Gift box for COVID era!
An interesting body of recent research has garnered evidence by molecular docking studies that montelukast and fexofenadine are top hits among antihistaminic and antiasthma drugs for Covid- Mpro protein. Virulence of the novel coronavirus is due to the presence of the main protease (Mpro) which is responsible for virus replication. (10)
Through molecular docking technique, Singh et al have found fexofenadine acetate is one of the best therapeutic drugs with an inhibitory effect on COVID-19 by its binding to Mpro. (11) Farag et al while screening around 2000 FDA-approved drugs against COVID-19 virus Mpro terminal site found montelukast and fexofenadine to be the top hits among antihistaminics and antiasthma drugs. (10) Hence the use of this combination can potentially promote rapid recovery from COVID besides effective symptom control.
Choosing the right drug for seasonal allergic rhinitis and other allergic conditions needs a more refined approach. The approach needs to shift from personal preferences to a more scientific evidence-based approach, especially in the pandemic era when the upcoming allergy season may be accompanied by the 3rd COVID wave.
In this situation when differentiating seasonal allergic symptoms from mild COVID illness can be a real tough task, physicians can trust the fexofenadine-montelukast combination for its proven effects across all spectrum of patients including pregnant, elderly as well as children,
The novel research from molecular docking studies for COVID-19 further favors this combination over others. A combination of bilastine-montelukast is not supported by a strong research base and has limitations in terms of yet to be proved safety and efficacy profile.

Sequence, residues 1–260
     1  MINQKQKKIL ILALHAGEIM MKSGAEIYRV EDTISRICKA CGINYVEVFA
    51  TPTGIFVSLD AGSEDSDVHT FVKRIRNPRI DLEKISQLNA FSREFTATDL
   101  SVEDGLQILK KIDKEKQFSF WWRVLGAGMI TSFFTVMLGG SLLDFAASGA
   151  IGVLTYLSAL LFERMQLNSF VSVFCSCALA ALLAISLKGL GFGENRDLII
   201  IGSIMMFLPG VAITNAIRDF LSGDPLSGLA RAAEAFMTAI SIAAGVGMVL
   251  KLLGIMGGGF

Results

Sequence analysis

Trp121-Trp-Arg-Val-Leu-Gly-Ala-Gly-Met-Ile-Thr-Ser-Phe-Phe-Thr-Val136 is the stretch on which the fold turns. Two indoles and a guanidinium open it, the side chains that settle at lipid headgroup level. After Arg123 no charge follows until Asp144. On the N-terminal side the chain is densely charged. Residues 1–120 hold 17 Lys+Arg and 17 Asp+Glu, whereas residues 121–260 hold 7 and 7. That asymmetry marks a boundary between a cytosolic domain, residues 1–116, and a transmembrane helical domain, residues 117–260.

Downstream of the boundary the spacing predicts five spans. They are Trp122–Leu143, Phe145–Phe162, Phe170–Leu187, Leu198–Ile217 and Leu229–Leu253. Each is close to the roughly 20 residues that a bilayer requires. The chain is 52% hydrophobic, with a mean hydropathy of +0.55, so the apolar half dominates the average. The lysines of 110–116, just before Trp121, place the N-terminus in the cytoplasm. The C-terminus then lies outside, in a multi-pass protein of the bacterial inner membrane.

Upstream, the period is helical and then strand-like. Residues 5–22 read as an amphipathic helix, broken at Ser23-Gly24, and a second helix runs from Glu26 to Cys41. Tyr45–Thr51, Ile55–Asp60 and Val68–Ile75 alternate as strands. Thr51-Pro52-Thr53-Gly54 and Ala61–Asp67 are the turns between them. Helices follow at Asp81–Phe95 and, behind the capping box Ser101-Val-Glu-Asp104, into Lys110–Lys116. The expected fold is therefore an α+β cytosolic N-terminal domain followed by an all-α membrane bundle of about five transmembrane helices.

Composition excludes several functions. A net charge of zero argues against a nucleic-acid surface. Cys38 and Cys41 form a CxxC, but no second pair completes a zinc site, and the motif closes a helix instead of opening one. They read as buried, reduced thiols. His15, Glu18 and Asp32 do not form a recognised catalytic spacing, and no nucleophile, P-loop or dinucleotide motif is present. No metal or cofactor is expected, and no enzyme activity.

1.Simpson K, Jarvis B. Fexofenadine: a review of its use in the management of seasonal allergic rhinitis and chronic idiopathic urticaria. Drugs. 2000 Feb;59(2):301-21.
2.Ridolo, E., Montagni, M., Bonzano, L., Incorvaia, C., & Canonica, G. W. (2015). Bilastine: new insight into antihistamine treatment. Clinical and molecular allergy : CMA, 13(1), 1. https://doi.org/10.1186/s12948-015-0008-x
3."Montelukast Sodium Monograph for Professionals". Drugs.com. AHFS. Retrieved 23 December 2018
4.Lavorini, F., Matucci, A., Rossi, O., Pistolesi, M., & SKY study investigators (2020). Concomitant bilastine and montelukast as additive therapy for seasonal allergic rhinoconjunctivits and mild-to-moderate asthma. The SKY study. Allergy, 75(3), 675–677. https://doi.org/10.1111/all.14007
5.Walekar A, Chodankar D, Naqvi M et al, Assessment of Bioequivalence of Fexofenadine and Montelukast Fixed-Dose Combination Tablet Versus Separate Formulations of the Individual Components at the Same Dose Levels. Indian J Pharm Sci 2016; 78(5): 651-656
6.Cingi C, Gunhan K, Gage-White L, Unlu H. Efficacy of leukotriene antagonists as concomitant therapy in allergic rhinitis. Laryngoscope. 2010 Sep;120(9):1718-23.
7.Kimihiro Okubo, Minoru Gotoh, Mikiya Asako, Yasuyuki Nomura, Michinori Togawa, Akihiro Saito, Takayuki Honda, Yoshihiro Ohashi,Efficacy and safety of bilastine in Japanese patients with perennial allergic rhinitis: A multicenter, randomized, double-blind, placebo-controlled, parallel-group phase III study, Allergology International, Volume 66, Issue 1,2017,Pages 97-1058.
8.Andersson NW, Torp-Pedersen C, Andersen JT. Association Between Fexofenadine Use During Pregnancy and Fetal Outcomes. JAMA Pediatr. 2020;174(8):e201316.
10. Farag A, Wang P, Ahmed M, Sadek H. Identification of FDA Approved Drugs Targeting COVID-19 Virus by Structure-Based Drug Repositioning. ChemRxiv. Cambridge: Cambridge Open Engage; 2020
11.Singh, Sweta, and Hector Florez. "Coronavirus disease 2019 drug discovery through molecular docking." F1000Research vol. 9 502. 3 Jun. 2020, doi:10.12688/f1000research.24218.1